How I know God guides my photography.....

"The heavens declare the glory of God, and the skies announce what his hands have made. Day after day they tell the story; night after night they tell it again. They have no speech or words; they have no voice to be heard. But their message goes out through all the world; their words go everywhere on earth."
Psalm 19: 1 - 4 (NCV).

Every time I look through the lens of my camera I see God working. Every day He reveals His majesty. Every night He shows me how He creates beauty even in the darkness. Even if I had not known Him before I started taking photos, the moment I looked at His creation up close (or far away) I see His glory and He guides me to see His beauty in all He has created. Photography just allows me to capture an image of what He has created.

Thursday, December 18, 2008

Some photographers try to narrow their field to specific areas. Some prefer portraits/people as their subject, other prefer landscapes, nature, birds, flowers, or still life. I try not to get too fixated on any one area. I was once told by a photographer friend of mine that if I want to shoot good pictures, I just needed to photograph what I like. Well, since I like all sorts of photographic environment, I just shoot whatever hits my eye that I think will look good.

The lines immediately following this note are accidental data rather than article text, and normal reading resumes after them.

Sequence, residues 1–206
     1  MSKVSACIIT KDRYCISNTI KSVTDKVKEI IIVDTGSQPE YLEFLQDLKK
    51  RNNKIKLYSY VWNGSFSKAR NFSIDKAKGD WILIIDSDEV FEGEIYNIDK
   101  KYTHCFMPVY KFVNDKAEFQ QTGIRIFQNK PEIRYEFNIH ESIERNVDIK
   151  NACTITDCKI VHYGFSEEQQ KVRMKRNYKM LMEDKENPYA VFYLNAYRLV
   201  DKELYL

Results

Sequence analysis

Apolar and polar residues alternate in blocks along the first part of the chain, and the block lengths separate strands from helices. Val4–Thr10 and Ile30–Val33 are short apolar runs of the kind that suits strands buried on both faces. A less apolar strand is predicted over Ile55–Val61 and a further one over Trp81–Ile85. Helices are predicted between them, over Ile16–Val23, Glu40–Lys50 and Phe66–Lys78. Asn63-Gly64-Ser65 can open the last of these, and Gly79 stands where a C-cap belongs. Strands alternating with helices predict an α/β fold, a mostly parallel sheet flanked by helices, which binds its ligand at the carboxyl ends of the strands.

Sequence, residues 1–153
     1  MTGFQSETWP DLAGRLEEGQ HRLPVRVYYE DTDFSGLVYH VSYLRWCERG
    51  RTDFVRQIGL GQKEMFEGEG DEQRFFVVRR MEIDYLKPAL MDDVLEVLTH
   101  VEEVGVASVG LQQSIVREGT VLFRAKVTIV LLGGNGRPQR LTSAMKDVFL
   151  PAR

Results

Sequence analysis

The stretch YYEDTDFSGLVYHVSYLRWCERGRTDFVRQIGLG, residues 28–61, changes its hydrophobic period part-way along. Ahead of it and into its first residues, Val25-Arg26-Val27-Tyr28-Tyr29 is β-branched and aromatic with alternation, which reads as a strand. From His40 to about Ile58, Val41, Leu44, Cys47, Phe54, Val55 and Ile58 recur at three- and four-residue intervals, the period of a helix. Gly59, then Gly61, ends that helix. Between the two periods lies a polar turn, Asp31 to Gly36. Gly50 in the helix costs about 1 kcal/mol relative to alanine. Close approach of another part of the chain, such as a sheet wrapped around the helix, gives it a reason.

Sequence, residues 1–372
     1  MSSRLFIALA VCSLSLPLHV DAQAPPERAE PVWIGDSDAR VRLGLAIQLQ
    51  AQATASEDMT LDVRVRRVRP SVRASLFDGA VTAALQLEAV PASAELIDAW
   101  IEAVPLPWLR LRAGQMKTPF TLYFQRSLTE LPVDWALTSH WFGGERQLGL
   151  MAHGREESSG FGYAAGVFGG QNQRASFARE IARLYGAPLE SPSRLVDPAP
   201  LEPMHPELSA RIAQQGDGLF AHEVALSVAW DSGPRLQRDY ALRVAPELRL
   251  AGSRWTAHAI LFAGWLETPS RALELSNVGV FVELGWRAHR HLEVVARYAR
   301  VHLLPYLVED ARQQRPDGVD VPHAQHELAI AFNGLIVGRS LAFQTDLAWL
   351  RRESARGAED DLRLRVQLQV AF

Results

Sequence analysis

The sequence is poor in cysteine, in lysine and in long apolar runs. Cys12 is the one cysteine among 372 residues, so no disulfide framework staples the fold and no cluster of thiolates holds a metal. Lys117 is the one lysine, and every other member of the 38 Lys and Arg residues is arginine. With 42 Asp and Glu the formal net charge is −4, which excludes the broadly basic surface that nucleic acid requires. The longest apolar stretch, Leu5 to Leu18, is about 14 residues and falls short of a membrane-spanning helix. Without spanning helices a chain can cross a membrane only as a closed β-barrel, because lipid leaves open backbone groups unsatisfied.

Because so many things are not practical to shoot in their natural state, sometimes I find the need to just stage a shot. Still life photography really isn’t a difficult as it may seem. I look for color combinations that have similar hues and tones. If the arrangement looks good through the lens, you know, it might just look good in print. Here are a few examples of some still life photos I’ve arranged. As Ansel Adams was once quoted: “You don’t take a photograph, you make it.” I guess I took his simple words and used them to my advantage… if I don’t see it naturally, I “make it”.

The first still life photo is titled “A bottle of 04 Syrah and the fixings”. This was shot on a dinning room table with two 150 watt photo lamps (one on each side of the table) and a spot flash on the back for just a hint of sparkle. I used my DSLR with an ISO speed rating of 200. Focal length was 39mm (focal length in 35mm film was 58mm). Exposure was for 30 seconds at F22. The longer setting requires a tripod and a remote shutter release to insure the camera does not move during the exposure length.

Again, not a big expense, the lamps cost less than $150 and the background is just a dark velvet piece of material I got form one of the local sewing centers. During this one shoot I made well over 30 different arrangements. Doesn’t take much to keep me busy!

Some times I even convert the photos from just a photo to a work of art and print them on canvas photo paper. Their are just so many possibilitis when you're printing your photos. What use to cost a small fortune to have someone paint, you can create in just a couple of hours of creative work (by that point it isn't work, it's fun)...

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